So, transactional influencer marketing has always had its detractors. They prefer products and services to be more naturally integrated into an influencer’s content, if at all. This crowd kicks around words like “genuine” and “transparent” as if they’re hacky sacks on the college quad.
They eschew sponsorships for partnerships. Those at brands or agencies approach influencers much like public relations professionals might approach a journalist. It’s not about placing an ad, but winning a fan; better yet, building a relationship.
Why relational influencer marketing works
Though more difficult to see in tangible returns, relationship-based influencer marketing is typically more beneficial for a brand in the long term. Paying 10 influencers $2,500 each to post about your Q2 campaign will yield a few dozen social media posts that help a limited number of people know about your thing over the course of three months. But spend that same $25,000 budget on a year-long content partnership with four influencers who get to know your brand so well they could serve as fill-in spokespersons for it, and the impact can be more significant and last longer than the year of the investment.
It’s almost the difference in investing in customer acquisition versus customer retention. One is a short-term success story. The other reaps benefits for years to come.
What’s right for your business?
The answer for any “What’s right for you?” question is always, “It depends.” If your business is dead set on a short-term exit strategy that depends on driving a certain number of customers quickly, any influencer marketing dollars should be invested in a transactional approach. If you’re playing a longer game and hoping to drive customer loyalty or brand value over time, relationship-based influencer marketing may be a better fit.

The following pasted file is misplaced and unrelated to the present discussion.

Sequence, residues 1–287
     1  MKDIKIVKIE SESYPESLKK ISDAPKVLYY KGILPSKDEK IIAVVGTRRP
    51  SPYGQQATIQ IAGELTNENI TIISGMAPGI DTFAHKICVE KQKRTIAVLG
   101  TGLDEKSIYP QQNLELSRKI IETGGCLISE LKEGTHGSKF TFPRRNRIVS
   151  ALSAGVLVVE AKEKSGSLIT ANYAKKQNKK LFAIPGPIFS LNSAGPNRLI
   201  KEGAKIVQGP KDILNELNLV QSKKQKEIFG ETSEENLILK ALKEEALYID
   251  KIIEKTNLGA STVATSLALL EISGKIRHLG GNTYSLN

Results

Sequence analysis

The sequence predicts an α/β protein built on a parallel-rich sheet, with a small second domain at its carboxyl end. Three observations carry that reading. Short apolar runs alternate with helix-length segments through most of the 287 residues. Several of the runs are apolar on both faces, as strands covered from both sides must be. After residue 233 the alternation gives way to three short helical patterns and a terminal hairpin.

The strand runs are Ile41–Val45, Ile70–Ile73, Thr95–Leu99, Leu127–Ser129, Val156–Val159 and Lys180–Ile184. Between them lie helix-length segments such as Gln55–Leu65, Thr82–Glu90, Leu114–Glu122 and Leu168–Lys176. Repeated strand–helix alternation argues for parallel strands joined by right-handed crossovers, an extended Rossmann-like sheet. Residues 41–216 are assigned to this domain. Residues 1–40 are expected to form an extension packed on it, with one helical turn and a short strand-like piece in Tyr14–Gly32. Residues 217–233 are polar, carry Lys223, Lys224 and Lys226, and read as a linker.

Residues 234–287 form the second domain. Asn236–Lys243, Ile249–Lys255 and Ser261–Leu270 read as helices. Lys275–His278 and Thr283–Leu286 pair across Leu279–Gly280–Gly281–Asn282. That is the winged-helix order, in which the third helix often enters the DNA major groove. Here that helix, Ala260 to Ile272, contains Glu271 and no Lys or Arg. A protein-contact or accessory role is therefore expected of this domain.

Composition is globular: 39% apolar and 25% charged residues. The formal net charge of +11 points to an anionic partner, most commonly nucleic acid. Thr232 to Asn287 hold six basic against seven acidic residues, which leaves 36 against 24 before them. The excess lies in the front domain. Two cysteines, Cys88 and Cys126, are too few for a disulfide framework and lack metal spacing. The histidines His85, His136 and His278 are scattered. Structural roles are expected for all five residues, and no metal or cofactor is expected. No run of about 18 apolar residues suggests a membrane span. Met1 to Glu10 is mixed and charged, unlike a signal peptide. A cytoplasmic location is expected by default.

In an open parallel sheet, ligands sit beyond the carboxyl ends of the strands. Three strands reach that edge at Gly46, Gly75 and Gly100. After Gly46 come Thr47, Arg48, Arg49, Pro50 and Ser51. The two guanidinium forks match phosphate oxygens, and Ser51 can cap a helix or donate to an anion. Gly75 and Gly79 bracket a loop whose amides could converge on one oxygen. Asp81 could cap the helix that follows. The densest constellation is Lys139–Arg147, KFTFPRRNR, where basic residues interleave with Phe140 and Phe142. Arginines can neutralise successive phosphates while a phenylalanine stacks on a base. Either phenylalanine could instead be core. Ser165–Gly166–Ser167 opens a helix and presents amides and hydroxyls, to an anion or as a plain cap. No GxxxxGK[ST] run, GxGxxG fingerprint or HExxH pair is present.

For most businesses, finding the perfect balance between the two extremes is ideal. Every business experiences transactional needs. Influencer marketing has a solution for that. Every business can benefit from a long-term investment in relationships with influential online content creators. Influencer marketing can cover that, too.
As an entrepreneur or marketer, you need to consider the pluses and minuses of both to determine which influencer marketing philosophy you subscribe to. Doing so will help you make informed decisions about which influence partners to use for various marketing efforts. Understanding the philosophical spectrum of influencer marketing is also useful in determining which software solutions, service providers and agencies will best suit your needs.
IZEA is still one of the largest and most successful influencer marketing software providers in the worls, and it is still a very transactional solution, philosophically. Others, like Onalytica, have a more relationship-based pedigree. Still others even refuse to make cash payments part of the influencer equation.
Regardless of where you wind up on the spectrum, knowing the extremes will help you make smarter decisions and succeed with influence marketing.
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Jason Falls is a noted author, speaker and influencer in the social and digital marketing space. He is the senior influence strategist at Cornett, an advertising agency in Lexington, KY. He is the author of three books on digital marketing, including Winfluence — Reframing Influencer Marketing to Ignite Your Brand, from Entrepreneur Press.